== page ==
To Shayna, I used to attend a parent support group at AnnMarie Roeper’s home before she passed. Such a wonderful, caring human being. The school is a wonderful legacy, and I highly recommend everyone watch the film profiling her family’s struggles and of how the school came to be.

  • Chaiah

    Thank you for writing that so eloquently. Growing up, I was one of those brilliant children and then raised one, myself. You did an incredibly good job of explaining what it’s like. Oh, and I cried when Stephen J. Gould died, too. His book “The Mismeasure of Man” is the best book I’ve ever read.

  • Erick Girouard

    It seems a lot of comedians have alcohol or depression problems. And it seems to me that it’s mostly the ones that do observation of life comedy. I don’t have data for this, but it’s the impression I get. And I think the connection is the ability to see life more clearly than most of us. By making us see past the blinders, they turn a mirror on us, and create that typical misdirection/reveal that many say is at the heart of comedy. The misdirection is already there, and it’s their ability to see past it that makes the difference.
    But damn, seeing life that clearly is depressing.

    • I can think of three that touched me deeply: Jonathan Winters (who was Robin Williams’ hero), had his own problems with depression and a whole host of other difficulties, and Freddie Prinze, way back in the 70’s I believe, who was one of the funniest sweetest young men on TV. His rise was incredible, and I think eventually it was too much, and he possibly committed suicide. I wept when he died.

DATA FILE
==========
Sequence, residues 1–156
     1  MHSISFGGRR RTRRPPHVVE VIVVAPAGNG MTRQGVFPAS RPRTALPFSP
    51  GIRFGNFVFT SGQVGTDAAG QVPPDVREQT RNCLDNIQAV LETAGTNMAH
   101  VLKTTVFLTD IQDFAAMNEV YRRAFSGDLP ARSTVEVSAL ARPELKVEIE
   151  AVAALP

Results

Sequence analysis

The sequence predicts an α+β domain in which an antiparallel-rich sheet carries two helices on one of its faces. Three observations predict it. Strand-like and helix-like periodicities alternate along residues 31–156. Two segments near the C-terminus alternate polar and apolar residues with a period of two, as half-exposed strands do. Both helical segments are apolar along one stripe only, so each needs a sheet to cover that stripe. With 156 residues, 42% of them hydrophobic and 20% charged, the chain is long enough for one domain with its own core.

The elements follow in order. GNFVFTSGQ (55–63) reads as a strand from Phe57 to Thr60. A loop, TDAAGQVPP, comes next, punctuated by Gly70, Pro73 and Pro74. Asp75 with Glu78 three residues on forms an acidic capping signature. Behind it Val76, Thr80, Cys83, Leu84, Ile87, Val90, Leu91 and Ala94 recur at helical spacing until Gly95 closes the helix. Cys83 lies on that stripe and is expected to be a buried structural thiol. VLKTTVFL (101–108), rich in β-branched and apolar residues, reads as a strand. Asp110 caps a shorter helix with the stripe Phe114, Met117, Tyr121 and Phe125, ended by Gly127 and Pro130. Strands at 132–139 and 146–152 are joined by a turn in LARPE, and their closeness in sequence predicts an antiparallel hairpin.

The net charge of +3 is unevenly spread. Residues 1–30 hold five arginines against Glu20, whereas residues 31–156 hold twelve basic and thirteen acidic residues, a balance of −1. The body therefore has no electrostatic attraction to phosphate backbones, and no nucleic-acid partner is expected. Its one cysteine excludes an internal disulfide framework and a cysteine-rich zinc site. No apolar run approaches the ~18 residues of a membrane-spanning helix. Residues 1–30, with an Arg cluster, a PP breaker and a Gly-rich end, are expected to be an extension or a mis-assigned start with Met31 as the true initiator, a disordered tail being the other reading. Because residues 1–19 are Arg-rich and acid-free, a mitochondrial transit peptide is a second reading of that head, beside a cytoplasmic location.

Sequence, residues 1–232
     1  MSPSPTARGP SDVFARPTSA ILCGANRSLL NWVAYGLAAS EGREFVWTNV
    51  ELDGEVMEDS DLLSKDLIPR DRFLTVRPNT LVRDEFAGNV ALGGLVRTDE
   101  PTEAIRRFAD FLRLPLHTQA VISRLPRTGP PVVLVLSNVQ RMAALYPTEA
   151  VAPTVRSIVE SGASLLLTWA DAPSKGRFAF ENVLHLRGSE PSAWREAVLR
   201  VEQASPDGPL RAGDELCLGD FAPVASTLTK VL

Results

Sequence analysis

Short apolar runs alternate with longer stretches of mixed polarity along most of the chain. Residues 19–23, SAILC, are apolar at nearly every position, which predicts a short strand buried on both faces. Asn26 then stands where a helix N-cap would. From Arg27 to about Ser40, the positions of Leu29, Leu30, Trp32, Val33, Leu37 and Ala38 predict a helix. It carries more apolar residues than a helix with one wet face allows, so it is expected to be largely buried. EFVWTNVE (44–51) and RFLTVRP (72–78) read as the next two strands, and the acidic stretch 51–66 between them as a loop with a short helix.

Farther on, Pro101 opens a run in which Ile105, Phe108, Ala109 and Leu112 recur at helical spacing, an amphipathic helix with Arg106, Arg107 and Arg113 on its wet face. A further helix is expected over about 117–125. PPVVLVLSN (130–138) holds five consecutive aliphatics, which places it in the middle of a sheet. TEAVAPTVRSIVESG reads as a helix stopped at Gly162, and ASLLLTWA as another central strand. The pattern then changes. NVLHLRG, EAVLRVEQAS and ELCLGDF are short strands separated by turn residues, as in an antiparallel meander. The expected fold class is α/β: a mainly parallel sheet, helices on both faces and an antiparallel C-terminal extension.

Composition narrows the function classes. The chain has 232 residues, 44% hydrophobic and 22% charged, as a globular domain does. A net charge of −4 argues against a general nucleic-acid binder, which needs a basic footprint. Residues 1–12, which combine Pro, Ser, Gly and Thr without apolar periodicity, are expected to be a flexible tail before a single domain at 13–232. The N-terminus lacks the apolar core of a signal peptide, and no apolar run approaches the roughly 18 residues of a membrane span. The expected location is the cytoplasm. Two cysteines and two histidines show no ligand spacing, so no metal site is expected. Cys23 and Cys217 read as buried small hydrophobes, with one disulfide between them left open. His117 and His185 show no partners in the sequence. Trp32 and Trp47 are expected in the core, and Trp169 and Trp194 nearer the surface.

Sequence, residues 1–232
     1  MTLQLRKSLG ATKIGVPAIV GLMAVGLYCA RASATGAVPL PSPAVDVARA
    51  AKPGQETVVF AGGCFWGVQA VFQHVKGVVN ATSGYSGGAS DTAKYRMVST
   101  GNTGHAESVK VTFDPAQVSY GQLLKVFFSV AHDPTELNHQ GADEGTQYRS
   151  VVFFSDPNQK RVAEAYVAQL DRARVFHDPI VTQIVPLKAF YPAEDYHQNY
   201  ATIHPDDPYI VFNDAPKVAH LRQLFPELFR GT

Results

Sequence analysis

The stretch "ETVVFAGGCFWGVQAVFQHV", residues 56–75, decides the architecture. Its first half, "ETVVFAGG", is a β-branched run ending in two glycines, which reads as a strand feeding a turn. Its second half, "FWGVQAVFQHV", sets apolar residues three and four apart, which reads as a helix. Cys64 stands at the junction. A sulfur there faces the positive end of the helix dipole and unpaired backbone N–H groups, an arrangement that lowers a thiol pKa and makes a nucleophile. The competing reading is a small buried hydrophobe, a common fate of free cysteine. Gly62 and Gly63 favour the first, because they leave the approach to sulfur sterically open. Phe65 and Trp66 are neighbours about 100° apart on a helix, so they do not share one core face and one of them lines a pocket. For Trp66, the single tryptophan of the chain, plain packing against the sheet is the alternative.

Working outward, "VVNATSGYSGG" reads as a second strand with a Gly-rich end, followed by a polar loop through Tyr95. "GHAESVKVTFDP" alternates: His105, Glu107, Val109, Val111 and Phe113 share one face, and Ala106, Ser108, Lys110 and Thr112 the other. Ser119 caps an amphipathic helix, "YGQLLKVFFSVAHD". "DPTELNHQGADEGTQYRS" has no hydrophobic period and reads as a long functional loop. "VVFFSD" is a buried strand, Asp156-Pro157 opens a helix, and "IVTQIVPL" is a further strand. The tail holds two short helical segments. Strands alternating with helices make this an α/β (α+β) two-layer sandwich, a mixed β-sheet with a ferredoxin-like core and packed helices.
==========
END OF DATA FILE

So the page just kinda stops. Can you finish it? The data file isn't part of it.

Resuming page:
If you watch this kind of frenetic comedian, there is a sadness behind all of the joking and the voices, the silly stuff and the rough. Watch their eyes. Jackie Gleason was another. There is a depth of sadness in these performers that you don’t see in Alan King, in Jay Leno, in Danny Thomas, in Jack Benny. They perform, they rely on timing, on the language, on delivery. Robin Williams and Freddie Prinze never performed, they enveloped you in a huge bear hug.
      it always reminded me of someone whistling in the dark. The louder the whistle, the less afraid I can pretend to be.

  • Melinda

    This post is excellent and right on.
    I’ve never read such a true recount of all my experiences with my own gifted intelligence. Your emotional and perceptive intelligence is right beyond right and very healing
    Thank you for this deep expression on intelligence and how we can conquer even depression and I did as u and left the family who devalidated my gifts and caused serious loneliness in me.

  • windar

    poorly written. and you bragged about your iq. and mensa is not smart society.

    • Hank Fox

      Poorly written … says the guy who can’t be bothered with capitalization and complete sentences.

      What? I bragged about my IQ? Did you not notice the point I made about the social reaction to discussions of intelligence vs. athletic or musical ability — that if you even MENTION your above-average intelligence as a fact, people accuse you of bragging?